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North Korea fires two ‘ballistic missiles’ into Sea of Japan

North Korea test missile July 2019 photo Credit : Wefornews

Pyonyang, Oct 31: North Korea has fired two ballistic missiles into the Sea of Japan.

South Korean military said that Pyongyang fired two “unidentified projectiles” into the waters between South Korea and Japan on Thursday afternoon while Japan’s defence Ministry said that it appeared to be “ballistic missiles.”

It is unclear what exactly was launched from a submarine, but South Korea’s Joint Chiefs of Staff said the military “is maintaining its readiness by monitoring relevant movements in preparation for further launches.”

Japan’s Coast Guard said in a statement “it appears that North Korea has launched a missile” and advised ships to avoid the area.

If confirmed as a missile test, it would be the first by Pyongyang in nearly a month and the 12th since May.

It is being beleived that North Korea missile test incolves long-range weapon.

The projectiles landed outside Japan’s maritime exclusive economic zone, the Japanese coast guard said.

North Korea on Sunday said it’s running out of patience with the United States over what it described as hostile policies and unilateral disarmament demands.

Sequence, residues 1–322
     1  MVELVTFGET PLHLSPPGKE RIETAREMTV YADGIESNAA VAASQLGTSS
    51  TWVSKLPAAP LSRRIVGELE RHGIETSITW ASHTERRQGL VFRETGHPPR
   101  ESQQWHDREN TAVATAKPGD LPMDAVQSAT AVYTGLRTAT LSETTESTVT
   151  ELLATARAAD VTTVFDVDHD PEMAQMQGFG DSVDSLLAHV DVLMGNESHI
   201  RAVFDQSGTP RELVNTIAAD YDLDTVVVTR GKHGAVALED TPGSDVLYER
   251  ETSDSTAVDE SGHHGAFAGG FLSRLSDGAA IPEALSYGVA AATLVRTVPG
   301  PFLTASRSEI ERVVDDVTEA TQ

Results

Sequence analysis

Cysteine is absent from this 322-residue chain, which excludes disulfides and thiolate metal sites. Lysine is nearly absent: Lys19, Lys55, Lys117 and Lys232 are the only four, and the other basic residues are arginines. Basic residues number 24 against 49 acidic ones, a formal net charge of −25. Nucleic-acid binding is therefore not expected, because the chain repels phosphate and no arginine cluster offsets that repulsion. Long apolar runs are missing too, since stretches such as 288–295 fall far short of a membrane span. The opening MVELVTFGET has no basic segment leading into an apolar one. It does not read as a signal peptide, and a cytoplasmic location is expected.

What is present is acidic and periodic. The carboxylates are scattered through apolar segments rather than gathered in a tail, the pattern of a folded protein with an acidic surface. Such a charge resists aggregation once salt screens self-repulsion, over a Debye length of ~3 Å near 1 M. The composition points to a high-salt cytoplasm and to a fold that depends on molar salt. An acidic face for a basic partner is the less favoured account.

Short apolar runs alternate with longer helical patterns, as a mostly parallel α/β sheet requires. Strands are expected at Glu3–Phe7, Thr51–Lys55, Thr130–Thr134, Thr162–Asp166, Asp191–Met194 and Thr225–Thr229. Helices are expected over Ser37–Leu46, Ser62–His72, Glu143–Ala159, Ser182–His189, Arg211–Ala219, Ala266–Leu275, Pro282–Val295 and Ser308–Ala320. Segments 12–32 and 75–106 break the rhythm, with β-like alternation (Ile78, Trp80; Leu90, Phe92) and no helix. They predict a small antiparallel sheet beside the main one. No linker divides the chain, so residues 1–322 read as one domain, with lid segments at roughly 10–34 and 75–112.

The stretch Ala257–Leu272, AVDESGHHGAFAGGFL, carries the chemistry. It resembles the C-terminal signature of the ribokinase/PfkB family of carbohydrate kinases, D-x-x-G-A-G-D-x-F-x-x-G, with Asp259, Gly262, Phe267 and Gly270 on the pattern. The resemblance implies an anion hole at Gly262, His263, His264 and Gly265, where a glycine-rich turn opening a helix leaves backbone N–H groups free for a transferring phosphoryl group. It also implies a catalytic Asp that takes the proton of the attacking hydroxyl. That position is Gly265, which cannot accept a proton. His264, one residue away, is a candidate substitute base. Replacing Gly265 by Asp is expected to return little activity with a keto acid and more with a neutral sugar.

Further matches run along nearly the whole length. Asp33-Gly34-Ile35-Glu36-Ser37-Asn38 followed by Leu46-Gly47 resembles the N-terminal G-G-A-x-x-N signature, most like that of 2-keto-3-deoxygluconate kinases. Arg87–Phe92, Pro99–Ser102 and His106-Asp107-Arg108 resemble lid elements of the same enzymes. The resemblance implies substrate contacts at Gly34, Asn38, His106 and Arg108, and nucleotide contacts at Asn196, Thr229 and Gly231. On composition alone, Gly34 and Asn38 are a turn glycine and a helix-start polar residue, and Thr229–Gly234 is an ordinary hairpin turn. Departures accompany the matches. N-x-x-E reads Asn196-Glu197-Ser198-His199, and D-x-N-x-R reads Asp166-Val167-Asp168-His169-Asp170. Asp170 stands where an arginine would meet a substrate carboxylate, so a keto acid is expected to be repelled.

The US and North Korea held working-level nuclear talks but was unable to reach an agreement. Pyongyang accusing Washington of lacking flexibility, but the State Department said the US “brought creative ideas and had good discussion with its DPRK counterparts,” using the formal acronym for North Korea.

Pyongyang’s official Korean Central News Agency statement, senior North Korean official Kim Yong Chol said there has been no substantial progress in relations despite warm ties between leader Kim Jong Un and President Donald Trump. He said the persisting hostility means “there can be the exchange of fire at any moment.”

Kim Yong Chol said the Trump administration would be “seriously mistaken” if it ignores an end-of-year deadline set by Kim Jong Un to propose mutually acceptable terms for a deal to salvage nuclear negotiations.

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